Introduction – Organization of the NLRB
Labor Law is about collective bargaining. Employees are represented by an agent who bargains for them. The statutory authority for this relationship between employers, employees, and unions is the National Labor Relations Act.
The National Labor Relations Board (an adjudicatory body) – There is a five member board all appointed by the President and approved by the Senate for a terms of five years. Rules on complaints after initial hearing by the ALJ, and is subject to appellate judicial review.
The general counsel’s office handles election cases and litigates unfair labor practice cases. Issues and prosecutes complaints.
The majority of the work is done by regional offices across the country, each headed by regional directors, which has two primary purposes:
Conducts elections to see if employees want to be represented by a union
Investigates claims of unfair labor practices (ULPs). Regional director makes decision as to whether to file a formal complaint.
After issuing a complaint go in front of an ALJ, who is trier of fact. ALJ decision goes in front of the Board. The decisions issued by the Board itself have precedent throughout the country. If employer disagrees with the Board can appeal it to the circuit with jurisdiction. Sometimes creating situations where there is split law until the issue gets to the Supreme Court.
Basis of the National Labor Relations Act
Who the Act covers:
Employees are covered but not all employees.
Has to be an employer which falls under the act, the people at issue must be employees, and the union must be a labor organization to have status under the act.
The act covers employers in the private sector, but does NOT cover public sector employees.
In order to be covered under the act, the employer must be engaged in interstate commerce.
The board chooses to assert its jurisdictional standards if the type of employer meets certain criteria.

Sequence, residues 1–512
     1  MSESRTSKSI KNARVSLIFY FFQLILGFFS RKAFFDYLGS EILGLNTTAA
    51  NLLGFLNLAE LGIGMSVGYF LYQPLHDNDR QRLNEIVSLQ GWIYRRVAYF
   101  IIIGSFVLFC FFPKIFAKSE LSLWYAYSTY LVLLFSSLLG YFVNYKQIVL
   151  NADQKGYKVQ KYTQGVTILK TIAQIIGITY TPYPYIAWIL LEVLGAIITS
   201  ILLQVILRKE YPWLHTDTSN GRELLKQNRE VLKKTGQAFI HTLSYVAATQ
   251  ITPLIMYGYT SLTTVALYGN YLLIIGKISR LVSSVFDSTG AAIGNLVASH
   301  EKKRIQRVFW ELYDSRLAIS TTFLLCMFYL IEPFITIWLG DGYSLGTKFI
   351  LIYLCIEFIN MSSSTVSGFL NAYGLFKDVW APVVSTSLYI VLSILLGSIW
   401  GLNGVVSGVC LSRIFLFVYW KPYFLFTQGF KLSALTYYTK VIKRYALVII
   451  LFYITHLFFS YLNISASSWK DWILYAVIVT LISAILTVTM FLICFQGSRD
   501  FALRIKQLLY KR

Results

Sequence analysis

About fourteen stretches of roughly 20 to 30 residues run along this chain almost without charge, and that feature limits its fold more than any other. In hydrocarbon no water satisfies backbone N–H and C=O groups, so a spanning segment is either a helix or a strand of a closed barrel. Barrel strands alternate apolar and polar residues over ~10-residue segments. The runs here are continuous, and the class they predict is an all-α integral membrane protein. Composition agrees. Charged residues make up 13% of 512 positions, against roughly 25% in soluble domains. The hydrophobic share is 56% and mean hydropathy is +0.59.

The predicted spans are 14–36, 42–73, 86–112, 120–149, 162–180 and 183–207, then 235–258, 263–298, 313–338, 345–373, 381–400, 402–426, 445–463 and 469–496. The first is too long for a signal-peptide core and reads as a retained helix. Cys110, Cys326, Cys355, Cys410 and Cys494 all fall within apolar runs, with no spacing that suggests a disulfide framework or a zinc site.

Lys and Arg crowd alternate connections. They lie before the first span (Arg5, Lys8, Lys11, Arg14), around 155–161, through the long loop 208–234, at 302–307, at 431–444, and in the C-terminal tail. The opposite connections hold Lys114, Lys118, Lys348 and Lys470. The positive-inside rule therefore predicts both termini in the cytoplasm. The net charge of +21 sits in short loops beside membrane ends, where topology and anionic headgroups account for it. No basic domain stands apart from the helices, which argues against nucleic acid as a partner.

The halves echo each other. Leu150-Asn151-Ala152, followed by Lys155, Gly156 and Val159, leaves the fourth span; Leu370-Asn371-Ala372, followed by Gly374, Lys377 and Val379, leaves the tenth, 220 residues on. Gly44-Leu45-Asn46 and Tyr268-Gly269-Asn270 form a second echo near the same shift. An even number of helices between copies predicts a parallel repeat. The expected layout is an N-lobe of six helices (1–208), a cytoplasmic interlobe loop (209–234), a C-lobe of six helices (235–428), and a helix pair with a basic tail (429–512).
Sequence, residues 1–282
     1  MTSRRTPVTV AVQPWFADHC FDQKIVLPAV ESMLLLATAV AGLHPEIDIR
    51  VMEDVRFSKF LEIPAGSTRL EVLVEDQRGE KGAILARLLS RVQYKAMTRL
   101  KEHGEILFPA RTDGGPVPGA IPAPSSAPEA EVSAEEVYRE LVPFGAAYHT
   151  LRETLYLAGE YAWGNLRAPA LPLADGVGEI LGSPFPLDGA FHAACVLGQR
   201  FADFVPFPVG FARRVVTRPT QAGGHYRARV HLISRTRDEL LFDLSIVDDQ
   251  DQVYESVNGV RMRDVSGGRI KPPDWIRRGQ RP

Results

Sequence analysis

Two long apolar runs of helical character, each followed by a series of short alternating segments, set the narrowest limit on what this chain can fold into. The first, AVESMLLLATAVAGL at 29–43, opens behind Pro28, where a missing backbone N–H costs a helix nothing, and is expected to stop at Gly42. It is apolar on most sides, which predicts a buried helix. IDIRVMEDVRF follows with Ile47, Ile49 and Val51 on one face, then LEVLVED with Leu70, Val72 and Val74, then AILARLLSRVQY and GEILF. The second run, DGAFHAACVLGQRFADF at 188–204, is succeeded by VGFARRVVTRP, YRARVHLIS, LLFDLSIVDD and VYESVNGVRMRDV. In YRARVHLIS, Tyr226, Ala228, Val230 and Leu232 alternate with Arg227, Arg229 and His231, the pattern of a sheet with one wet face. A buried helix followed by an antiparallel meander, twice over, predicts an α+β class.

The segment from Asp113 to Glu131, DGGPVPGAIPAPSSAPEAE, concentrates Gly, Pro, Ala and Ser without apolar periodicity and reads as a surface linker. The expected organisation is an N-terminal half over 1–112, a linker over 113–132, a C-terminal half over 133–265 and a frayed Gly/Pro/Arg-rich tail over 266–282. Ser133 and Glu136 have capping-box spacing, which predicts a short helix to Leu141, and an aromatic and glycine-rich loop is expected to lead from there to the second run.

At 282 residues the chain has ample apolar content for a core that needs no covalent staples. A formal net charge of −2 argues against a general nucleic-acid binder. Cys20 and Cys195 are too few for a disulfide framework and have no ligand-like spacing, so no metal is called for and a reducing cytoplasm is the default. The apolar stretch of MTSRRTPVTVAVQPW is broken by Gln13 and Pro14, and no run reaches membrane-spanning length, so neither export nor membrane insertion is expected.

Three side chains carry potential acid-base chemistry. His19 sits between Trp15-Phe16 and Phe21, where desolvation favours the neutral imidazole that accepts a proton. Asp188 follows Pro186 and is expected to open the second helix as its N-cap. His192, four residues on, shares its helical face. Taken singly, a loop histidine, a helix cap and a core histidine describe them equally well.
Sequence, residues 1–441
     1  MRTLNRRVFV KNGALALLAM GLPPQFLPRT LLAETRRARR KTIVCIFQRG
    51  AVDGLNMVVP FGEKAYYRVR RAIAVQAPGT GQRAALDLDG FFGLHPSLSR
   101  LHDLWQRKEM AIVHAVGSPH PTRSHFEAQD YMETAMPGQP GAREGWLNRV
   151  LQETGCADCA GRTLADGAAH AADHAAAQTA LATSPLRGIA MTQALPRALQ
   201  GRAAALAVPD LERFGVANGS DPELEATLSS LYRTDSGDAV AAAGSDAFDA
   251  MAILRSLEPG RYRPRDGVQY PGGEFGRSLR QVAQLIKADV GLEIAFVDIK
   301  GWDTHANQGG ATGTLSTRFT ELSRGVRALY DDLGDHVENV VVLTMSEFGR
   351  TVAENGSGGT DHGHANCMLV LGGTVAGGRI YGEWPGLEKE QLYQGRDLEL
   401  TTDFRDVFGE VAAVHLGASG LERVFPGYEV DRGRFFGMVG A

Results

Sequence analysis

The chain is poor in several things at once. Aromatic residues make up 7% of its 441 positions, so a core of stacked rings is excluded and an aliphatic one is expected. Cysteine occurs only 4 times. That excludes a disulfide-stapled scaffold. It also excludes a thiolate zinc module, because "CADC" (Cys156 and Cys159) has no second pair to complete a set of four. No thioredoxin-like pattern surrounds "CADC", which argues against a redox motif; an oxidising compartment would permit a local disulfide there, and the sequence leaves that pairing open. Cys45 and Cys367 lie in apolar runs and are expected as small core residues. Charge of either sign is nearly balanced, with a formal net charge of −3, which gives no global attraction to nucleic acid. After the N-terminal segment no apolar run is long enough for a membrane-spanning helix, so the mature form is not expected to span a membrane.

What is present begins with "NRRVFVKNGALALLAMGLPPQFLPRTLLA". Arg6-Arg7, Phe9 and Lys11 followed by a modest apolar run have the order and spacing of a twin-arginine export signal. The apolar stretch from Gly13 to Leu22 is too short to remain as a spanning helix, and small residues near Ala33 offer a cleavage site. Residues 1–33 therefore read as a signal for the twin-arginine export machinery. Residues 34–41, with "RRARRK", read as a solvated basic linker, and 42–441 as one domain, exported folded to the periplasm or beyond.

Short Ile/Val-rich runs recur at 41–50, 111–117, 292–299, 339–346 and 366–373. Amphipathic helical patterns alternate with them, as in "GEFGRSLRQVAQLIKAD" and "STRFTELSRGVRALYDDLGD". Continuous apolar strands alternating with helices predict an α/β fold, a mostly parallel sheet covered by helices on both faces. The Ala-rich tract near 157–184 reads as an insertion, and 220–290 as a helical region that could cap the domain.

Jurisdiction by the Board
Discretionary standards for determining if the employer is engaged in interstate commerce:
Non-retail (manufacturers), the board said it will exercise jurisdiction over employers who ship $$ amount of goods over state lines
Indirect — they ship 50,000 to an entity in state which in turn meets any of the boards jurisdictional standards.
Direct — manufacturing entity which ships 50,000 worth of goods to Indiana (it is representative of their business, they would be under the jurisdiction of the board, can split up the 50,000 as well to different states, as long as get 50,000)
Indirect — employer purchases goods from a supplier in the state. Have to be able to show that the goods came to the in state supplier from directly out of state. Can only be one
Religious institutions may or may not be covered. Question is whether mission is primarily religious. Seminaries not under jurisdiction, but parochial school may or may not.
Exception: Hospitals run by religious institutions generally are covered by the act.
The term employee is given a broad definition. May or may not include people employed by parents or spouse. In corporate setting look to see whether the parent or spouse has 50% or more control. In a larger corporation may be included unless has special privileges and treatment may be excluded by community of interests
· NYU case, student assistants are not employees,
· Interns and residents are employees in hospitals, question of whether more education or working in determining if students or employees..
· Retirees are not employees.
Are Not employees
Most important — Look to degree of control and manner and means by which the work is done
Is it distinct occupation or business
What kind of skill is it
How are they paid
Are taxes taken out
Who determines when they will work